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Watch a 57-Year-Old Man Break the Sound Barrier in a Custom Space Suit

"It was a wild, wild ride."

In this photo provided by Paragon Space Development Corporation, Google executive Alan Eustace, in the spacsuit, is carried aloft by a balloon for his leap from the edge of space that broke the sound barrier and set several skydiving records over the southern New Mexico desert outside Roswell Friday, Oct. 24, 2014. Eustace's supersonic jump was part of a project by Paragon Space Development Corp. and its Stratospheric Explorer team, which has been working secretly for years to develop a self-contained commercial spacesuit that would allow people to explore some 20 miles above the Earth's surface.(AP Photo/Paragon Space Development Corporation) AP Photo/Paragon Space Development Corporation

He hurtled down from space, breaking the speed of sound — and a world record — as he fell.

When he hit the ground, he tumbled head-over-heels just once, and then waved a thumbs-up to signal he'd made it

As the New York Times reported, Alan Eustace broke records Friday when he ascended nearly 136,000 feet, then dropped to earth.

In this photo provided by Paragon Space Development Corporation, Google executive Alan Eustace, in the spacsuit, is carried aloft by a balloon for his leap from the edge of space that broke the sound barrier and set several skydiving records over the southern New Mexico desert outside Roswell Friday, Oct. 24, 2014. Eustace's supersonic jump was part of a project by Paragon Space Development Corp. and its Stratospheric Explorer team, which has been working secretly for years to develop a self-contained commercial spacesuit that would allow people to explore some 20 miles above the Earth's surface.(AP Photo/Paragon Space Development Corporation)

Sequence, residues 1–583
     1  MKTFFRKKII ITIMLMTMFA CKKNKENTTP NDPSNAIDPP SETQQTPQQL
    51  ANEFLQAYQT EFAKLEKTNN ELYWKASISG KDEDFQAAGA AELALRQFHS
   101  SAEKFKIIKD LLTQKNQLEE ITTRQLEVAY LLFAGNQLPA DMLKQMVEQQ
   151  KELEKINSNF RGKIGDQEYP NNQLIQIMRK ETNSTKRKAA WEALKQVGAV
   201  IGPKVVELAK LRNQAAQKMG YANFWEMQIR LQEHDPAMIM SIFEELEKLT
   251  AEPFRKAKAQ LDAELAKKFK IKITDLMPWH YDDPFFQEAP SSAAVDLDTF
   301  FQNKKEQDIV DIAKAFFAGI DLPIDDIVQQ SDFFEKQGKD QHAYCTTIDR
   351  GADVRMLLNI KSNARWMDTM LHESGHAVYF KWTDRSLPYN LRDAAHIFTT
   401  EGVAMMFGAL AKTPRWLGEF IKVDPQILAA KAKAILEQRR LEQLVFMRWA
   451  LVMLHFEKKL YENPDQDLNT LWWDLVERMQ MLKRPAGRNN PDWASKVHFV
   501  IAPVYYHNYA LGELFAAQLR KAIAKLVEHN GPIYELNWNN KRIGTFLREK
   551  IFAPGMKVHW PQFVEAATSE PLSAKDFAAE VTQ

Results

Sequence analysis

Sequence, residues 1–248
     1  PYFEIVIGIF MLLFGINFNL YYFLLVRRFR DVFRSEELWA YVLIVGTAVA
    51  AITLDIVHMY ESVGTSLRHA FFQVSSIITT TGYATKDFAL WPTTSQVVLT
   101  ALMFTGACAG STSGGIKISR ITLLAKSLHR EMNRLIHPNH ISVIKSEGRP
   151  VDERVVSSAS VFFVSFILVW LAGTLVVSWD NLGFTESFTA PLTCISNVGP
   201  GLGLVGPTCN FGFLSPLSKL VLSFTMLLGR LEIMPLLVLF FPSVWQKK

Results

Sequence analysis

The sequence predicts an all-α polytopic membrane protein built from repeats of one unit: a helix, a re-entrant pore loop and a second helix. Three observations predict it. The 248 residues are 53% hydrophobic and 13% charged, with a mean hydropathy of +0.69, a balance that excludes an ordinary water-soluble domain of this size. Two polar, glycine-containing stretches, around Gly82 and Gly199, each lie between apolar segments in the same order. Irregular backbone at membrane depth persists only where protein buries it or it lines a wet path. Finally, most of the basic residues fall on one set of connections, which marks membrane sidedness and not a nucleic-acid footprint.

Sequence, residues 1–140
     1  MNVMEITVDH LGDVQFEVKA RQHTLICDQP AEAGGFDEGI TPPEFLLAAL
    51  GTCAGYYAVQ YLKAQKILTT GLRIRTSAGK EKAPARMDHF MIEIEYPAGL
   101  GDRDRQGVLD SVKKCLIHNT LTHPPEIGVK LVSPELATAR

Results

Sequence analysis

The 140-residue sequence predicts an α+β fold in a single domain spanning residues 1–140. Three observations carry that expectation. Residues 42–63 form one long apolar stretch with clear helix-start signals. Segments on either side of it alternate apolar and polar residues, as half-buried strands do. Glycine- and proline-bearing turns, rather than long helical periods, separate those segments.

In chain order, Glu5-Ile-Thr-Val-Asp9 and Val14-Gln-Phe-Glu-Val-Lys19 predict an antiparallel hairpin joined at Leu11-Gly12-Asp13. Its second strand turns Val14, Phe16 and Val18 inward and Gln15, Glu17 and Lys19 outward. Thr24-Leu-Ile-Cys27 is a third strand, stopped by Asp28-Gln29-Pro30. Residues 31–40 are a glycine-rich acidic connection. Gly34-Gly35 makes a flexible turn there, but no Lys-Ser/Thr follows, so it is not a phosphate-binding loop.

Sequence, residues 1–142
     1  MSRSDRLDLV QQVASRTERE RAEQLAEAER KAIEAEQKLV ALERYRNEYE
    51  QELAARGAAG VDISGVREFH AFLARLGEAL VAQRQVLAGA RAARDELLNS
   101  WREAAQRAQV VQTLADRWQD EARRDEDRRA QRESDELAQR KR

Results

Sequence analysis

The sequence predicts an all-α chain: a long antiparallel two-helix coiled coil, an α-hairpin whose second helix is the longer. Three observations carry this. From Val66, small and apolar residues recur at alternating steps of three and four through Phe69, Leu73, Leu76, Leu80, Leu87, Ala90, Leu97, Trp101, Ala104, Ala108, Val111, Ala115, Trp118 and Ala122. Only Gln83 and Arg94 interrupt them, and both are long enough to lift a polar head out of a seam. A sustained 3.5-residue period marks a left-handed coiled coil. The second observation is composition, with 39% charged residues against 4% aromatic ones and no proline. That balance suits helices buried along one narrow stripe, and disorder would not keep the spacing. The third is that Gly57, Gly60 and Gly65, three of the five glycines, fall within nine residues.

The 57-year-old senior vice president at Google reportedly pulled off the feat without the help of his multi-billion dollar company, but rather relied on a small, trusted team of engineers, including Paragon Space Development Corporation, to create the life-support suit and other tools he'd need to make the journey.

"It was a wild, wild ride,” Eustace told the Times. “I hugged on to the equipment module and tucked my legs and I held my heading.”

Alan Eustace. (Image via Twitter) Alan Eustace. (Image via Twitter)

Eustace was lifted by balloon for two hours Friday morning, reaching a height roughly 25 miles above the Earth's surface.

He then used a small explosive device to cut ties with the balloon — setting his descent off with a literal bang — and reached top speeds of 822 miles per hour, creating a sonic boom as he fell to the ground, the Times reported.

In this photo provided by Paragon Space Development Corporation, Google executive Alan Eustace, in the spacesuit, is shown with crew members Blikkies Blignaut, left, and Alex Garbino in preparation his leap from the edge of space that broke the sound barrier and set several skydiving records over the southern New Mexico desert outside Roswell Friday, Oct. 24, 2014. Eustace's supersonic jump was part of a project by Paragon Space Development Corp. and its Stratospheric Explorer team, which has been working secretly for years to develop a self-contained commercial spacesuit that would allow people to explore some 20 miles above the Earth's surface.(AP Photo/Paragon Space Development Corporation)

His parachutes worked perfectly, helping Eustace glide to a landing 70 miles from where he'd started.

Watch highlights from the amazing journey below:

The previous world altitude record was set by Austrian Felix Baumgartner, who made a 128,100-foot parachute drop in 2012, the Times noted.

Follow Zach Noble (@thezachnoble) on Twitter

One last thing…
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